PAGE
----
Coalition attacks “discount” NBN ISPs Exetel, Dodo

97

news Coalition MP and former Optus executive Paul Fletcher has attacked early NBN pricing released by cut-rate ISPs Exetel and Dodo, claiming the pair’s commercial plans didn’t reflect the reality of what he said would be increased pricing on the NBN compared to today’s existing broadband options.

Exetel published its first commercial pricing for services on the NBN in late July, significantly undercutting previous prices published by rival Internode, with its cheapest option starting at $34.50 a month and the most expensive topping out at $99.50. At the time, Communications Minister Stephen Conroy seized on the plans — along with a “sub-$40” plan flagged publicly by fellow ISP Dodo — as evidence that NBN pricing would be affordable, with competition to drive lower prices.

However, on Monday in Federal Parliament this week (PDF transcript), Fletcher took aim squarely at the two ISPs, in comments first reported by the Financial Review.

“The key point I want to make is that to argue, as Senator Conroy has done, that because Internet service providers who are acknowledged to be discount operators at the discount end of the market are offering lower prices than Internode, that proves that NBN retail prices will be lower than today’s broadband prices is quite wrong,” said Fletcher. “It is a non-sequitur.”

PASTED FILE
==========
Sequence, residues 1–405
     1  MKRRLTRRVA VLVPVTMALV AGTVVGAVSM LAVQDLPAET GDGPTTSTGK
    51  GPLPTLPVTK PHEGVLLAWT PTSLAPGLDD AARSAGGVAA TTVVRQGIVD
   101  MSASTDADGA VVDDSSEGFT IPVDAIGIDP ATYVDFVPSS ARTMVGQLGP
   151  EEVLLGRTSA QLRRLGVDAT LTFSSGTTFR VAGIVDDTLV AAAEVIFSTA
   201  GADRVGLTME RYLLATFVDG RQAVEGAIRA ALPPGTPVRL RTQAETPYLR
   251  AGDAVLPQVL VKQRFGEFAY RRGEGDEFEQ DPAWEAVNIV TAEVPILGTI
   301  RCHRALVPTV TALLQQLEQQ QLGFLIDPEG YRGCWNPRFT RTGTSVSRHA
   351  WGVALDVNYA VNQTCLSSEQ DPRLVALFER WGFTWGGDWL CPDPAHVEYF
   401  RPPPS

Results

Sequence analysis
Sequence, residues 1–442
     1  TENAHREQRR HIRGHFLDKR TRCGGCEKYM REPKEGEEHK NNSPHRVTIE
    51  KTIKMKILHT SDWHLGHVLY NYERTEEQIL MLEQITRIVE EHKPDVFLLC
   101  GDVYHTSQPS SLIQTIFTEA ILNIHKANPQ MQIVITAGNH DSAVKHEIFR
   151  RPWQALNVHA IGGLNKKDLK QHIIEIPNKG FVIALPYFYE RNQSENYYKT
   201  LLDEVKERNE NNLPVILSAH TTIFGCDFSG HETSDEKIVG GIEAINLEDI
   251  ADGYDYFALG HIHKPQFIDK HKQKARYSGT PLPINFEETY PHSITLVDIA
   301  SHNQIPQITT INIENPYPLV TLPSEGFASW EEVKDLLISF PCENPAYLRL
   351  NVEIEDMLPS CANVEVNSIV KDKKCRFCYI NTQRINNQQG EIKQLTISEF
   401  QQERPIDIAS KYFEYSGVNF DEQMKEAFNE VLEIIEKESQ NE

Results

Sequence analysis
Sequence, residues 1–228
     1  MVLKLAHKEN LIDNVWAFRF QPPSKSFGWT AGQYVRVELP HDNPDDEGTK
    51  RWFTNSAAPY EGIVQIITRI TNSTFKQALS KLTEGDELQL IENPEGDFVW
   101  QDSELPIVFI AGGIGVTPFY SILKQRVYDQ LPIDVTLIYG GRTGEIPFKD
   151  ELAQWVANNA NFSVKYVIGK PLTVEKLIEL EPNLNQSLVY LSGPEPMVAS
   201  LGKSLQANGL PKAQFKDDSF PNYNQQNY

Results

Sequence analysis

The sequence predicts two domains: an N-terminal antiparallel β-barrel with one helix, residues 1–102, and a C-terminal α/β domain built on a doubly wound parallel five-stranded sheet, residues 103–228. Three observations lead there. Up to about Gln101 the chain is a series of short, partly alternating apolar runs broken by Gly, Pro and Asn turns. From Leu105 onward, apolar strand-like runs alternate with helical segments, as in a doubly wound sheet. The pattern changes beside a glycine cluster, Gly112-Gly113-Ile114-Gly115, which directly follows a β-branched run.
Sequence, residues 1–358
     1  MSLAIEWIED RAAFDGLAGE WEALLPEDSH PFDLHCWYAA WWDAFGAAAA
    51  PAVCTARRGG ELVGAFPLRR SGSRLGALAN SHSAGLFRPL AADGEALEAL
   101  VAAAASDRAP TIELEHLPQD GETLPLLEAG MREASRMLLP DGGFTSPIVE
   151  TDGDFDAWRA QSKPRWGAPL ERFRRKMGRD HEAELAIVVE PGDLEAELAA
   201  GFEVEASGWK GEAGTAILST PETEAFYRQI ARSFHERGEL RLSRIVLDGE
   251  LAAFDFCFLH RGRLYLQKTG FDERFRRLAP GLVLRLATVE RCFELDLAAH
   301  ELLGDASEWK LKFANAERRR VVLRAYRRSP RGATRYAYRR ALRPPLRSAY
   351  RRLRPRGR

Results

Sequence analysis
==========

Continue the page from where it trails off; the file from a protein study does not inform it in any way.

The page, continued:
“The reality is that Internode has a market share of nearly three percent, whereas Exetel has only about 0.9 percent market share. It is true that Dodo has a similar market share to Internode, but we have not seen any actual pricing from them yet — it has simply been ‘mooted’.”

Fletcher said he “simply made the point” that there was no evidence for claims by Conroy and Prime Minister Julia Gillard that the construction of the NBN would mean reduced prices for broadband services. “In fact, what the pricing that has been released demonstrates is that consumers can expect, at the very best, prices to flatline and in reality they are going to increase.”

The Coalition’s MP’s attack also broadened to Dodo’s customer service record. “I make the point that while there is nothing wrong with being discount operators, as Dodo and Exetel are, the Telecommunications Industry Ombudsman reports that over the period October 2010 to March 2011, 4.5 percent of its complaints concerned Dodo, although it had a market share of 2.9 percent,” he said.

Fletcher’s comments come as Shadow Communications Minister Malcolm Turnbull has recently embarked on a significant push to highlight the issue of pricing under the NBN, claiming that NBN Co’s special access undertaking will contain provisions allowing it the right to raise prices for most of its services by up to five percent per annum more than inflation for the next 30 years.

“The whole justification given by the Government for building the NBN is to provide most Australians with access to super fast broadband at 100 mbps,” Turnbull said earlier this week. “And yet it is now quite clear that the consequence of spending over $50 billion will be that speeds comparable to ADSL2 will be available at similar or somewhat higher prices, but that the super fast speeds will only be available at higher and, over time, even higher prices making access to broadband less affordable.”

opinion/analysis
Frankly, the Coalition is out on a limb here, and while neither Turnbull nor Fletcher appear to realise it, Conroy certainly does.